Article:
Racism classification in the European Union: Germany is in first place
Today 26 October 2023 | 07:55
Nearly half of people of African descent in the European Union face racism and discrimination in their daily lives. This phenomenon has worsened in recent years, according to a report by the European Union Fundamental Rights Agency published in Vienna on Wednesday. Its director, Michael O’Flaherty, made a shameful confession. Germany and Austria performed particularly poorly in many respects.
Accordingly, 76% of those surveyed in Germany reported that they had been subjected to discriminatory experiences based on their skin colour, immigration background or religion in the past five years, more than in any other EU country. In the previous poll in 2016, the percentage was 52 percent. The current EU average is 45 percent. In Austria the value was slightly lower than the German value at 72 percent.
There is also discrimination against dark-skinned people in professional life
While in 2016, on average, 39 percent of people of African descent in Europe reported racism in daily life, the proportion has now increased by 6 percentage points. O’Flaherty described it as surprising that no improvements were seen. “On the contrary: people of African descent are increasingly discriminated against simply because of the color of their skin,” he added.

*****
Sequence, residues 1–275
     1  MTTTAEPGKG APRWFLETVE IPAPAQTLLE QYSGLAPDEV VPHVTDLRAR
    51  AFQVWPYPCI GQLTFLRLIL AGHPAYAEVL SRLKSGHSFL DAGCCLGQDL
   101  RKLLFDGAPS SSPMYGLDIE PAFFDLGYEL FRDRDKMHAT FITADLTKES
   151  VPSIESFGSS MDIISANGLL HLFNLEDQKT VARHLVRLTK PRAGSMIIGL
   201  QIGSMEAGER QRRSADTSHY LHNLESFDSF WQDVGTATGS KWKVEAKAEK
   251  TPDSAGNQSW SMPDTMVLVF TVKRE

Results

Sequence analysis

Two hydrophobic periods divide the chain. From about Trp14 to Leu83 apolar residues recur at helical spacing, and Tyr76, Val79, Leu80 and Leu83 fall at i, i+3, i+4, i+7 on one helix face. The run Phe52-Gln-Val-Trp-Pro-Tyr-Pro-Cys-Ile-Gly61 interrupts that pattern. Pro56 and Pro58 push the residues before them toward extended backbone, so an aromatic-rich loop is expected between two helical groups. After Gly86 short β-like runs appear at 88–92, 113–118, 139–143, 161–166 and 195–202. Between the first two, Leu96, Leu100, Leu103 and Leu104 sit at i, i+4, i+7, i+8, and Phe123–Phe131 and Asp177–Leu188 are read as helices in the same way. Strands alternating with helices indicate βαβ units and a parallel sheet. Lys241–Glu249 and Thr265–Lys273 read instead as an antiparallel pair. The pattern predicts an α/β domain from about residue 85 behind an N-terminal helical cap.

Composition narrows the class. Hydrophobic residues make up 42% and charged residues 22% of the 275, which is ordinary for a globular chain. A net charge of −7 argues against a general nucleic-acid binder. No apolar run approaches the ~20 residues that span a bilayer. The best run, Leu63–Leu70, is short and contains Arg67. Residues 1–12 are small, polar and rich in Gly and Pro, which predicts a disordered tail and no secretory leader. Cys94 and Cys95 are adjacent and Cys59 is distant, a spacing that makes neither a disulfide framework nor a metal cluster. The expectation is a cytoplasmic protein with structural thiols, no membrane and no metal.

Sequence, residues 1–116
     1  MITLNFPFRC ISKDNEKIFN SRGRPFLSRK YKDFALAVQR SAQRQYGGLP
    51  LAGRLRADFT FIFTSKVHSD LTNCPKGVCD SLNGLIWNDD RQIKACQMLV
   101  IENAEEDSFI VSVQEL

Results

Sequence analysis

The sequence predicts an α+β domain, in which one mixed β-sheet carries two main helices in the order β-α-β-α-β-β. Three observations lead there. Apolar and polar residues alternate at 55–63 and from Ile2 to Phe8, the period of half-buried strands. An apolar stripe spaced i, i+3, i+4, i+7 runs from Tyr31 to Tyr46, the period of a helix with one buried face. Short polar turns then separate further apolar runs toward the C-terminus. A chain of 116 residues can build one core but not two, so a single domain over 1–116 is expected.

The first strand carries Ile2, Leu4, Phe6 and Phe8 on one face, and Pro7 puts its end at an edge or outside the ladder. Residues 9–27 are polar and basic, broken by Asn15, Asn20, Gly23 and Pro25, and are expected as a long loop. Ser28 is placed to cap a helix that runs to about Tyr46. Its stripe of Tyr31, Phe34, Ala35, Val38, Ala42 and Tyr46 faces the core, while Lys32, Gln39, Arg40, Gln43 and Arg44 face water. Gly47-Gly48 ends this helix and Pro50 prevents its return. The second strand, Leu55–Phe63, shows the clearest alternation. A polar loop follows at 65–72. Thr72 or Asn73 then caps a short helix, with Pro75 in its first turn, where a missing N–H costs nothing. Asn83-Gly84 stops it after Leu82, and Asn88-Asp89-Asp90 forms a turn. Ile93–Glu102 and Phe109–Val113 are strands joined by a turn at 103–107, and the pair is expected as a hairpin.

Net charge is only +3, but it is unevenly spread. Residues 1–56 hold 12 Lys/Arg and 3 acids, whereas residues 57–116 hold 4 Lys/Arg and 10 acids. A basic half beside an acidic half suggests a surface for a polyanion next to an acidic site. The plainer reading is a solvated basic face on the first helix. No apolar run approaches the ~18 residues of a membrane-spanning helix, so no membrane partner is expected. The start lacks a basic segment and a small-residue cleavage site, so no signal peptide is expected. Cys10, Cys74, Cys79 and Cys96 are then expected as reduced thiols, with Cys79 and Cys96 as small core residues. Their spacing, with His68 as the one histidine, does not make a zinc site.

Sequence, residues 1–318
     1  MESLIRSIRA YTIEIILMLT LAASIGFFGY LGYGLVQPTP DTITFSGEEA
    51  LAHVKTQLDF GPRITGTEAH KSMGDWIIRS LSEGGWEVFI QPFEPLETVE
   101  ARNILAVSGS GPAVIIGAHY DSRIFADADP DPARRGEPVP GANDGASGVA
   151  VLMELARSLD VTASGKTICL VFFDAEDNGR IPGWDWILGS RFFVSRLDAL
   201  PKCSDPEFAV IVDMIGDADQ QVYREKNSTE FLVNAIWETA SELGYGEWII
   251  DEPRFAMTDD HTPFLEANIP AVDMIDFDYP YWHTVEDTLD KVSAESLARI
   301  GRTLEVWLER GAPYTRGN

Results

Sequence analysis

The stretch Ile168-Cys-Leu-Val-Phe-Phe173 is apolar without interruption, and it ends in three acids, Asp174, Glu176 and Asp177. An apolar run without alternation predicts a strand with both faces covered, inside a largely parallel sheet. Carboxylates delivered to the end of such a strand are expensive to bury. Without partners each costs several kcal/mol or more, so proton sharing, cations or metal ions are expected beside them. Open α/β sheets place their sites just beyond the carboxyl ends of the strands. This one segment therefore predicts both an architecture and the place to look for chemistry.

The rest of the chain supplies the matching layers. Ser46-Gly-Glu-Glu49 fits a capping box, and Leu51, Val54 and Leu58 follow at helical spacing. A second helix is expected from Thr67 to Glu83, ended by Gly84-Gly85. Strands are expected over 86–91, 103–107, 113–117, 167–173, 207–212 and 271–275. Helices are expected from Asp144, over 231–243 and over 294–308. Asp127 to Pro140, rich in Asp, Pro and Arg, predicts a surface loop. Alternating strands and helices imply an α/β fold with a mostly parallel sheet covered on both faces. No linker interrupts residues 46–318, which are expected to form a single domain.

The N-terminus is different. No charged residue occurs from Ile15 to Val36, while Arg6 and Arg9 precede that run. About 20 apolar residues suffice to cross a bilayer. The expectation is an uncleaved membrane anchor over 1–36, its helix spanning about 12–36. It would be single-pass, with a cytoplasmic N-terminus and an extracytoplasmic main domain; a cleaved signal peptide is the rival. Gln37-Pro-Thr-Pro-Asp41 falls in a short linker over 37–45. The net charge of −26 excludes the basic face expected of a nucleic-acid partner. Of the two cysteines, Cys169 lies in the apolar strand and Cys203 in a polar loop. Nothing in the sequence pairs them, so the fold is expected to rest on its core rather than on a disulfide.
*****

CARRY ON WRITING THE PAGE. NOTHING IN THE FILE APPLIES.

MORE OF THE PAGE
According to the “Being Black in the EU” report, black people in Germany also had more bad experiences at work than any other European country among the 13 European countries included in the study. 46 percent reported that they had experienced discrimination in their workplace in the past year (EU average: 31 percent). When it comes to job searching, looking back over five years, 56% in Germany reported negative experiences; The percentage was higher only in Austria, where it reached 59 percent.
German police officers discriminate particularly frequently compared to the European Union
Likewise, Germany ranked first, or second after Austria, when it came to humiliating experiences in the areas of education and health as well as racist attacks. Of those surveyed in Germany who had been stopped by police in the past 12 months, 69% said it was because of the color of their skin.
The European Agency for Fundamental Rights data comes from a broader online survey of migrants and their descendants. The current report evaluated the responses of more than 6,700 people of African descent living in Belgium, Denmark, Germany, Finland, France, Ireland, Italy, Luxembourg, Austria, Poland, Portugal, Sweden and Spain. The number of participants in Germany was 579 people and in Austria 454 people.
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